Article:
The June survey by the AMA found that more than two-thirds of physicians cited time as a significant barrier to meeting MIPS reporting requirements. The AMA encourages all physicians to avoid a payment penalty and like other organizations has designed tools to help, which Barbe says he advises doctors to check out. They include a customizable MIPS action plan and a short video that focuses on “One patient, one measure, no penalty” and how to avoid a negative 4% payment adjustment by reporting one measure via CMS’ claim form.
“I’ve been saying, you can run but you can’t hide. These programs are with us,” Barbe says. Physicians must prepare to move quickly to participate.
Possible changes ahead
The AMA will continue to lobby to make MACRA and MIPS as flexible as possible for doctors, Barbe says.
CMS released a final rule in June that eases some of the reporting requirements under MACRA for smaller practices in 2018, the second year of the program. Some of those proposed requirement changes are because doctors have struggled to prepare for the new MACRA requirements.
The AMA and other physician submitted comments to CMS last month on the proposed rule and are now waiting for the agency to issue a final rule. The AMA called on CMS to make the program “more understandable and less burdensome” and urged it to maintain a slow pace.
CMS, for instance, would increase the MIPS' low-volume threshold in 2018, thereby exempting more than 585,000 eligible clinicians from the program and its reporting requirements. CMS will increase the threshold to exclude clinicians or groups from those with $30,000 to $90,000 in Part B charges or fewer than 100 to 200 Part B beneficiaries.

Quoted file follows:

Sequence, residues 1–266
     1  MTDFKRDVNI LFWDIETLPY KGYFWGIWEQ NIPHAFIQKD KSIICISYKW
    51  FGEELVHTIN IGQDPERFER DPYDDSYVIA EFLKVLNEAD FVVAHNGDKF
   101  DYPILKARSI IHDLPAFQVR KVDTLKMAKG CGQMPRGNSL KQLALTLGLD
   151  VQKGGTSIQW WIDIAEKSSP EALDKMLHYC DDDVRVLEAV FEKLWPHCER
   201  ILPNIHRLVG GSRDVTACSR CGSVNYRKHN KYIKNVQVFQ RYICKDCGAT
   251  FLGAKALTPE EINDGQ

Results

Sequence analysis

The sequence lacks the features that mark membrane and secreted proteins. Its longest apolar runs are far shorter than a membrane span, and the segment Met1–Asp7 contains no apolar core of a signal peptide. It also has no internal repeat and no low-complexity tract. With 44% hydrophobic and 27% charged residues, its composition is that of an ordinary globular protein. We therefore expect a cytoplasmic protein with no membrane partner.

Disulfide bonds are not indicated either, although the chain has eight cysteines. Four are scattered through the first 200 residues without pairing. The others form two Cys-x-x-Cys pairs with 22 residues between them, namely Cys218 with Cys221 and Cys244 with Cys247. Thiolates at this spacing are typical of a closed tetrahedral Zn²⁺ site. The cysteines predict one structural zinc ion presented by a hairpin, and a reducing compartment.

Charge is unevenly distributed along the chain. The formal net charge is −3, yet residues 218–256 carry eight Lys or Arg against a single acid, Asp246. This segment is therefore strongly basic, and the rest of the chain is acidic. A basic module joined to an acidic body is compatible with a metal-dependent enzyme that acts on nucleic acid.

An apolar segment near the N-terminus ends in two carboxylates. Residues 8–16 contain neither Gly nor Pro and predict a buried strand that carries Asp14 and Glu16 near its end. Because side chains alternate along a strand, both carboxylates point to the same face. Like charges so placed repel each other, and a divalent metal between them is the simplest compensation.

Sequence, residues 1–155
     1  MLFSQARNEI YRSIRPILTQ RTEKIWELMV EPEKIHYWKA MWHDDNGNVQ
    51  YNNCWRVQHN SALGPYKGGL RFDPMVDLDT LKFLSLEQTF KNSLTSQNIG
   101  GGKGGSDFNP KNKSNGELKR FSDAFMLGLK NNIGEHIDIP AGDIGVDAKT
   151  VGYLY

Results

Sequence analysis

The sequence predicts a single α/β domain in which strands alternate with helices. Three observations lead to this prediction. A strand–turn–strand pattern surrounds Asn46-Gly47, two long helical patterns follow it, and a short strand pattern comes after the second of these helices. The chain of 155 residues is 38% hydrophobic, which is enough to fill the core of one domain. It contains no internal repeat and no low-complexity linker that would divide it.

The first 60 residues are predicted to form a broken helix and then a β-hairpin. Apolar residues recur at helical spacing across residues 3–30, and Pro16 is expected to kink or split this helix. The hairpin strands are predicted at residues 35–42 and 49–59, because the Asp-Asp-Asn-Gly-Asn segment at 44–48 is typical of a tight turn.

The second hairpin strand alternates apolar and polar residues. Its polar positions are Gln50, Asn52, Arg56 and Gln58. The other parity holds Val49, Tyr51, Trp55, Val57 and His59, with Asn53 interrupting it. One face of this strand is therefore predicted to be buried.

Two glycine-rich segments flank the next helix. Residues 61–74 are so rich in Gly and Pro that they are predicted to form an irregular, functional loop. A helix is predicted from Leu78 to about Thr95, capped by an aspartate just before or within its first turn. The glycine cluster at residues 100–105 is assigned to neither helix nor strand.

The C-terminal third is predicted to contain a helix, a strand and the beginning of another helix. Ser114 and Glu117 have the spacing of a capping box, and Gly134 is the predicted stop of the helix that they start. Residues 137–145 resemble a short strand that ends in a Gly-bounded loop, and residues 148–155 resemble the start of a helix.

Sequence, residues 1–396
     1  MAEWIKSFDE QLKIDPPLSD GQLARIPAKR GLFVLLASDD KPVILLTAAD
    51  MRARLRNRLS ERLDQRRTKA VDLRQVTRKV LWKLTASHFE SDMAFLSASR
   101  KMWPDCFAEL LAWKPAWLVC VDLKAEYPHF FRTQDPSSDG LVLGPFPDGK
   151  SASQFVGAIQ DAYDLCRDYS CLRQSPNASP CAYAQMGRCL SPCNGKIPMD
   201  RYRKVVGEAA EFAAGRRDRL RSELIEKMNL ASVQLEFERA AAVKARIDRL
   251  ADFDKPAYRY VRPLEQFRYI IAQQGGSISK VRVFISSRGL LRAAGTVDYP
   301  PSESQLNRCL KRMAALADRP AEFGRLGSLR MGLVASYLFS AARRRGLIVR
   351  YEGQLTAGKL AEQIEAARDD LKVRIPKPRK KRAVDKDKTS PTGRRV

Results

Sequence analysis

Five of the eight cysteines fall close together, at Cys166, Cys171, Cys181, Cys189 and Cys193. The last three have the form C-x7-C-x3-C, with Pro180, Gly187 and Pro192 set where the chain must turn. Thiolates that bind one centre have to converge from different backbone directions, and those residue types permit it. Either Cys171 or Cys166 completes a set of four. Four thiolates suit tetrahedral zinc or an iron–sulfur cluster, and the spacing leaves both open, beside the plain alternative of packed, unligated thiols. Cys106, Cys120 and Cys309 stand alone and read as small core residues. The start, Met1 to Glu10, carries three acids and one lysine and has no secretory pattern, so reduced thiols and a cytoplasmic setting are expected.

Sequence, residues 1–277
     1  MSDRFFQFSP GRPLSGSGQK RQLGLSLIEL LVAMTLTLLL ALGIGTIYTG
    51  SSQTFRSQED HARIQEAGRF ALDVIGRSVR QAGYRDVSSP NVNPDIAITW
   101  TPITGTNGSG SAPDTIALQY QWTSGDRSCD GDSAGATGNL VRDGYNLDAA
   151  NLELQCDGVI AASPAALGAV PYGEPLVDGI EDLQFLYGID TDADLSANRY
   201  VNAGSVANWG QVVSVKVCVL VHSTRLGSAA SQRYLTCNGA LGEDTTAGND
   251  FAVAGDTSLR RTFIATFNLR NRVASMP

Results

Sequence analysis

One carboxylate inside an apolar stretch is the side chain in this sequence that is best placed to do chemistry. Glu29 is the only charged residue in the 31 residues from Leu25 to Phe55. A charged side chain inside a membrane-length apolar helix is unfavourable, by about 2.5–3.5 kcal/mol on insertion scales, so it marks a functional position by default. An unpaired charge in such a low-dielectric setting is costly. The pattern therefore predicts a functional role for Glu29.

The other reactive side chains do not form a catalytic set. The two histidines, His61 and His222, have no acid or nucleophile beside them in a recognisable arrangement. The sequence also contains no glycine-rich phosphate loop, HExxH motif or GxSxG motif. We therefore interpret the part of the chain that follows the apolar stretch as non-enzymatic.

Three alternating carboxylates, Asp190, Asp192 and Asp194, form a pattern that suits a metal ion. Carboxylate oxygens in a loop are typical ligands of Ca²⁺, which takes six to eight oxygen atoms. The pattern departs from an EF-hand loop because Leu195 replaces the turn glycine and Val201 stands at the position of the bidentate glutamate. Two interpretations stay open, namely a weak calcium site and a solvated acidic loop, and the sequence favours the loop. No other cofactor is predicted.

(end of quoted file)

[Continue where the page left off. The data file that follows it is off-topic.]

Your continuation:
The AMA supports that change as it is difficult for physicians with a low threshold to make business sense of the program, Barbe says. For instance, a physician with $100,000 in Medicare charges would receive a maximum of a 5% increase in payments, which amounts to only $5,000. It’s likely the physician will spend more than that to participate in MIPs, he adds.
On the flipside, as the rule is proposed, physicians and practices will be excluded even if they want to participate. The AMA would like them to be able to opt-in if they are ready to participate in future years and have the opportunity to earn an incentive payment, Barbe says.
The AMA also wants to see changes to allow more practices to qualify under the second track of MACRA—advanced Alternative Payment Models (APMs), which offers the greatest potential upside for practices long-term, he says. “The reason most physicians are reporting under MIPS is that the requirements are so narrow for APMs that they are excluded.”
The AMA plans to work hard with CMS to change the restrictions so that more types of practices can participate.
While the AMA applauded CMS for its decision to allow for another transition year for MIPS in 2018. Barbe is worried about the future. “Even after 2018, the legislation calls for full implementation for the 2019 performance year,” he says, which may pose a challenge to physicians and practices.